Sedum is a genus of deciduous or evergreen perennial in family Crassulaceae, comprising 400 species of leaf succulents. It is commonly known as Stonecrop and can be found throughout the Northern Hemisphere.
Many Sedum species are grown as garden plants, due to their interesting and attractive appearances and hardiness. Various species differ in their requirements; some are cold-hardy but do not tolerate heat, some require heat but do not tolerate cold. Sedum species are used as food plants by larvae of some Lepidoptera species including Grey Chi. The endangered San Bruno elfin butterfly of San Mateo county, California, feeds exclusively on Sedum spathifolium.
Smaller forms of Sedum are grown in rock or scree gardens or in alpine houses, while larger forms can be grown at the front of mixed borders. Sedum can also be used to provide a roof covering in green roofs. They are preferred to grass for green roofs.
One of the best Sedum is Sedum spectabile (Ice plant), 45 cm high and across, which produces rosettes of fleshy, grey-green, deciduous leaves. On warm sunny days in late summer and autumn, the clusters of pink-purple flowers are covered with bees and butterflies.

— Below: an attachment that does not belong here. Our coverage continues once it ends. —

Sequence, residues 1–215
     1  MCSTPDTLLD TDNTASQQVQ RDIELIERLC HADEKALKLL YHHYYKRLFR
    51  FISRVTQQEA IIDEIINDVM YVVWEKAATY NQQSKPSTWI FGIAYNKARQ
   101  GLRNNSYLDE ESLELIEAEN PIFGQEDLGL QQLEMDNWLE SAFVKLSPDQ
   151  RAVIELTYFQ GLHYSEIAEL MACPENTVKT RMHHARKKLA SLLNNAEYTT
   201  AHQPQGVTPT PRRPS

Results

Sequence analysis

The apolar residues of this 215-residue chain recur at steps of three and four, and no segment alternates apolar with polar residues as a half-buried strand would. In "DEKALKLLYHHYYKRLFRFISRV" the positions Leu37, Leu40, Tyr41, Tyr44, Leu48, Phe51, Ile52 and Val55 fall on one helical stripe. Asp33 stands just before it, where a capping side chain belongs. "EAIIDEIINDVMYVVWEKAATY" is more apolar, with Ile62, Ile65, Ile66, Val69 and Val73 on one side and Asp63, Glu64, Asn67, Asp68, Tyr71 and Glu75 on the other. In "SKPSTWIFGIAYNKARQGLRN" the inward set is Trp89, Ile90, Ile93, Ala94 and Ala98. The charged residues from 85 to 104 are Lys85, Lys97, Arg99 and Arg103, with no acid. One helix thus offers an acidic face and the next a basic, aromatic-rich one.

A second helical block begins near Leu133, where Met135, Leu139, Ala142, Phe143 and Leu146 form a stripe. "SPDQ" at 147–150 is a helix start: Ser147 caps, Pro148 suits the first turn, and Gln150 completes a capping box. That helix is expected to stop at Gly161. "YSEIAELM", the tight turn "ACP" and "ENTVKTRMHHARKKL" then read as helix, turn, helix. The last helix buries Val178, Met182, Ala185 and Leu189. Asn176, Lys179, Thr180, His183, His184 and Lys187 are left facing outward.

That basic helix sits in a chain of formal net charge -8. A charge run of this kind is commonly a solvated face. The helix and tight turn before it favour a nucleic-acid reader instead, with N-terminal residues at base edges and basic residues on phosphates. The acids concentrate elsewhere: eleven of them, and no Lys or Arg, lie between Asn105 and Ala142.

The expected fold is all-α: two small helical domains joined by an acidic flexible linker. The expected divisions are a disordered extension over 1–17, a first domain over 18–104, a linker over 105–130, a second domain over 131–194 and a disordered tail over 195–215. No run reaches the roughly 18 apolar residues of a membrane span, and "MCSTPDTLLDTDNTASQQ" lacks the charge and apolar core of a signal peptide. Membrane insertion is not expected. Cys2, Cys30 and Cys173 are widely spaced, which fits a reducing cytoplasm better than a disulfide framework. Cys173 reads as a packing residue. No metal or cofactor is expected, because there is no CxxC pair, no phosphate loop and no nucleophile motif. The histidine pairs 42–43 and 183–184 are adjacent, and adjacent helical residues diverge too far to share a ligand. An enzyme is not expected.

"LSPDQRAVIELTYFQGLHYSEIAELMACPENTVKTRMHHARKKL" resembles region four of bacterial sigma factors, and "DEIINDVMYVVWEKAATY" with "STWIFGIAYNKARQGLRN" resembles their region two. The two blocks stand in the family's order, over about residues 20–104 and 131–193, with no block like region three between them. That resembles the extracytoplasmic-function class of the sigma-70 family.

S. spurium (Caucasian Stonecrop, Dragon's Blood Sedum, Two-row Stonecrop), 10 x 60cm, has reddish stems and toothed, dark green and evergreen leaves. It bears clusters of pink-purple flowers on erect stems in mid- to late summer.
S. lydium (Least Stonecrop), 5 x 20 cm. grows well in cooler, shadier conditions than others in the genus. It has bright green, evergreen leaves and bears clusters of white flowers in early to mid-summer.
Sedum grows well in full sun, in well-drained, neutral to alkaline soil. Propagation is by seed in spring or autumn; and divide in spring. Pests are slugs and snails.